From a technical point of view, when the IGP acceleration is used, the Sandy Bridge decoding of the source image (in the case of transcoding) is very fast as it’s carried out by the new fixed units. From the point of view of encoding, while there are some fixed blocks, most of the work (Motion Estimation and so on) is carried out on the IGP’s execution units.

Intel supplied us with two applications that are compatible with the latest version of MediaSDK, at least when it comes to hardware acceleration. These were the beta version of Cyberlink’s MediaEspresso and Arcsoft’s Media Converter, both transcoding applications which serve mainly to convert voluminous files (Blu-ray and so on) into a format adapted to a peripheral (mobile phone, tablet and so on). The encoding isn’t very high quality in either case.

We used MediaEspresso so as to compare encoding times at the same time noting any quality variation there may be. The software doesn’t give you much room for manoeuvre when configuring the advanced encoding options. It’s impossible to choose between one or several render passes or the H.264 profile used. The options are limited to a simple choice of bitrate. For our test we re-encoded a 720p (1280x720) video as a 640x480 (while keeping a 16/9 aspect ratio) at a bitrate of 3 Mbps.

In MediaEspresso it’s possible to choose the level of acceleration you’re looking for. None, accelerated decoding, accelerated encoding, and accelerated decoding + encoding. We tested these four scenarios, deactivating the image quality improvement options in MediaEspresso so as not to disadvantage one or another of the solutions.

Before introducing the results, we must insist on the fact that we have obtained four files of more or less comparable but not identical size. The same goes for quality, something we’ll describe below. The encoding times should therefore be considered with circumspection.


Looking at the graph, we can say that using hardware acceleration in Sandy Bridge allows you to cut encoding time in three on the Core i7-2600K. Note also that with accelerated encoding, the CPU is still put to work. For information, the processor utilisations in the three accelerated modes were 83%, 38% and 23%.

Qualitatively speaking, the results are not exactly the same. We carried out a crop on an encoded frame, from top to bottom you can see the source image, the image encoded in CPU mode, with IGP decoding, IGP encoding and IGP decoding + encoding.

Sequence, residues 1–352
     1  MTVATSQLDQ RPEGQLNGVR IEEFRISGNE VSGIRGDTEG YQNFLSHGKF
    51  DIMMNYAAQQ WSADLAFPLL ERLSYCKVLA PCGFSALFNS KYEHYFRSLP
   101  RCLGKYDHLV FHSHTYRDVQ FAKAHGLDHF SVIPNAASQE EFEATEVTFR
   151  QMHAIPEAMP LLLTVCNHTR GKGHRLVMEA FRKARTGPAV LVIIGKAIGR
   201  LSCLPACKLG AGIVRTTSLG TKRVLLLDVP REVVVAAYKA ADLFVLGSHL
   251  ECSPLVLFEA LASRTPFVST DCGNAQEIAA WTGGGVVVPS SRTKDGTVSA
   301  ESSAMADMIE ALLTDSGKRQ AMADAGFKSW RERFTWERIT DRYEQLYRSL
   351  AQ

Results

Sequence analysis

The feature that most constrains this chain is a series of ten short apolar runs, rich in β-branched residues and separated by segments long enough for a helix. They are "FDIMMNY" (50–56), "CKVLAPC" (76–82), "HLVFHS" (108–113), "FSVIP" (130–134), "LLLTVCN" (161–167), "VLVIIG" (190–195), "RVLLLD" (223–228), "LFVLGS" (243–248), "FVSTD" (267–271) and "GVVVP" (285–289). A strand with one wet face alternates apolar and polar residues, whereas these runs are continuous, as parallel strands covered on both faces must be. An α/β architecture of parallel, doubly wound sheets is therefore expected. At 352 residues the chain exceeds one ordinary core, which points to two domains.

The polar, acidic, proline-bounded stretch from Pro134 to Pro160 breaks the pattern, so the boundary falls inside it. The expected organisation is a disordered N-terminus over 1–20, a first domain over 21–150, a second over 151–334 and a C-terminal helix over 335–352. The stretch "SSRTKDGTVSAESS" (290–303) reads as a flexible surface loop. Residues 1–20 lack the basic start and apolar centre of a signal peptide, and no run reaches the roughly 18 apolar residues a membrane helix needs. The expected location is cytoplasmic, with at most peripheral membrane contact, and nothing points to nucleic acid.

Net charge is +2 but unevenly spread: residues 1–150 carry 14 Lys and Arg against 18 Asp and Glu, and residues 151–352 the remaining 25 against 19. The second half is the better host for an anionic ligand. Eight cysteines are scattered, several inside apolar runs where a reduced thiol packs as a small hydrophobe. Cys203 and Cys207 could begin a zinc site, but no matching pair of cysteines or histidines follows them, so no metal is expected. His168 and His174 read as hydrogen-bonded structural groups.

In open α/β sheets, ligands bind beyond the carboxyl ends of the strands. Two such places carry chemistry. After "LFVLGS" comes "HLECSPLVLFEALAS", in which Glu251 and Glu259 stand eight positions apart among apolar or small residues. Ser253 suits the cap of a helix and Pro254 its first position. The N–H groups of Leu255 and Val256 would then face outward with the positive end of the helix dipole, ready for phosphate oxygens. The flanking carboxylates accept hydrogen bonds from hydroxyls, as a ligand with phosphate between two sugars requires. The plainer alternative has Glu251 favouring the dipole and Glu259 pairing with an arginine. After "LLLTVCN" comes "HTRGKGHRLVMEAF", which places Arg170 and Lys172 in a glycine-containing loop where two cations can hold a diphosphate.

Given that the original video had a bitrate that was hardly higher than that chosen, you can’t say that the final image is the sort of quality you’d expect (we went from 1.1 GB on the source video at 720p to 990 MB at 480p!). Next, it seems pretty clear that MediaEspresso uses a completely different software path when you use a purely processor version and when you use an accelerated one (completely or partially). Chromatic tendencies towards red appear on the right side of the image (first example going from the middle) in the three accelerated versions. We suppose that the Intel MediaSDK is only used when there’s hardware acceleration (partial or complete) and that another path is used for the processor version.

But even if you only look at the MediaSDK images, the three images aren’t strictly identical. The purely processor versions clearly look as of they’re at another level to us. Even if it does look a little blurry, the difference is clear during playback and you get a lot fewer artefacts.

So then, although Intel is apparently giving us hardware acceleration for video encoding with Sandy Bridge, in practice the library on which it’s based doesn’t necessarily seem to be on a par with the best available software options, including those, which are nevertheless modest, integrated in MediaEspresso.